One of my favourite TV shows is a documentary show from NHK (Japan’s major international broadcast station) called Japanology (started out as Begin Japanology – now called Japanology Plus). Each week, a new topic dealing with some aspect of Japanese culture is explored. They have a series of episodes called Japanophiles where they interview foreigners who have made Japan their home and who have become experts in some area or another, such as a certain style of pottery or a specific musical instrument, etc. They end each one of those shows by asking the interviewee “What does Japan mean to you?”
I’ve often thought about how I would answer that question. I think I’ve finally come up with a somewhat coherent answer. Japan is the external embodiment of my soul.
As soon as I started to see things and hear things about Japan – language, culture, art, history, whatever – I was enchanted. Something about it was extremely attractive. But I could never explain why. As I get older and am learning more things about myself, I’m beginning to see things that make sense.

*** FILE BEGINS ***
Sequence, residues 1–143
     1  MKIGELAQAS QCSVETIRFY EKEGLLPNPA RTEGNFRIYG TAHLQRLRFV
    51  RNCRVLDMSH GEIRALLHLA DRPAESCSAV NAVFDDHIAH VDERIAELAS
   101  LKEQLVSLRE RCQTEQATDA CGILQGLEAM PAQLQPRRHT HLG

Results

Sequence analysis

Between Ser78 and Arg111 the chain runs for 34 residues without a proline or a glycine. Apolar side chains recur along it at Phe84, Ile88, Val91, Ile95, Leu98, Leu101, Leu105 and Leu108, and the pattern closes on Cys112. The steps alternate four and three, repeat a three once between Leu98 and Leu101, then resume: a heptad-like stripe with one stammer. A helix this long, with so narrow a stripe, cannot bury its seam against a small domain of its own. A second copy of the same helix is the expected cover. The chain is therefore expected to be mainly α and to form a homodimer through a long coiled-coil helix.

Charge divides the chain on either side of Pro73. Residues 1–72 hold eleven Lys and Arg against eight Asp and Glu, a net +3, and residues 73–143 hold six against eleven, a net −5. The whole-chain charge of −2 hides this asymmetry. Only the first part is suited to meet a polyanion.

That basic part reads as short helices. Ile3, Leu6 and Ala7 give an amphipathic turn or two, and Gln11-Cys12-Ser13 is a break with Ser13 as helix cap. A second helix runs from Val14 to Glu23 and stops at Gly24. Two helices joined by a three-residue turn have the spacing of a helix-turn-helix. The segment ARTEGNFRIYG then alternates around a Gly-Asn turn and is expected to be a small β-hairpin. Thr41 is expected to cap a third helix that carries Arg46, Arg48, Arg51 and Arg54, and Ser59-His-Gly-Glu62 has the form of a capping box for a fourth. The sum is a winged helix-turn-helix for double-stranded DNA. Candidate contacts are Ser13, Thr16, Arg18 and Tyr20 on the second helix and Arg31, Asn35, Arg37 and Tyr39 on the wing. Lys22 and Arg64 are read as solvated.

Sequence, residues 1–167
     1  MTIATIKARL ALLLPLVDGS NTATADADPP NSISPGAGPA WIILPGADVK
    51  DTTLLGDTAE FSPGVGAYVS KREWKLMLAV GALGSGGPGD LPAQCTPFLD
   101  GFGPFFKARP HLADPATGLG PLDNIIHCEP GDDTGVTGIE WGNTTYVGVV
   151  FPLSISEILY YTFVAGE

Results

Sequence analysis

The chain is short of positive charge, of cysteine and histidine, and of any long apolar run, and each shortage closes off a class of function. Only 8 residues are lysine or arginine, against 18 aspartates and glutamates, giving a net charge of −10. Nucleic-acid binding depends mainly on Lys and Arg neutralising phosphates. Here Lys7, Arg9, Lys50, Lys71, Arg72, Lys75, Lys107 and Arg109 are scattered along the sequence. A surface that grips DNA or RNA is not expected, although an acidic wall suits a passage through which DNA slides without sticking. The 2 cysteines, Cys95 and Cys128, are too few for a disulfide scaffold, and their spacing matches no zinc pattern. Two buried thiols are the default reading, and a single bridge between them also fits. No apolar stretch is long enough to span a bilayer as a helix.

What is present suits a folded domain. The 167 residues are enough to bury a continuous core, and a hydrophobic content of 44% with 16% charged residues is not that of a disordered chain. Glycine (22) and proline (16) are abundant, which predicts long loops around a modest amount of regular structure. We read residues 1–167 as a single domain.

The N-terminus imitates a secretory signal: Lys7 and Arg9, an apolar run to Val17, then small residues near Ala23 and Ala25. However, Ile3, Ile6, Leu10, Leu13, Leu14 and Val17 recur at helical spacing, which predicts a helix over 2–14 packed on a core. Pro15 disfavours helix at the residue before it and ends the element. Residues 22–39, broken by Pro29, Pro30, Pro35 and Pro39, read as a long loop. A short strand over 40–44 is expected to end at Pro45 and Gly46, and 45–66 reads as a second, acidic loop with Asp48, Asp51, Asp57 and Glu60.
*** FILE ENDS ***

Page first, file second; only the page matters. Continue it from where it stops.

One of the things I love most about Japan is how it’s natural – seemingly ingrained in the communal consciousness – to pay attention to detail, almost to an obsessive degree. If you know me personally, you will immediately see what I appreciate about that.
There is a quote from the movie The Last Samurai (the ONLY movie I can stomach Tom Cruise in) that I love. “From the moment they wake, they devote themselves to the perfection of whatever they pursue.”
This is just one example of how I feel that Japan knows and depicts my soul. Maybe one day, I’ll illustrate some more for you~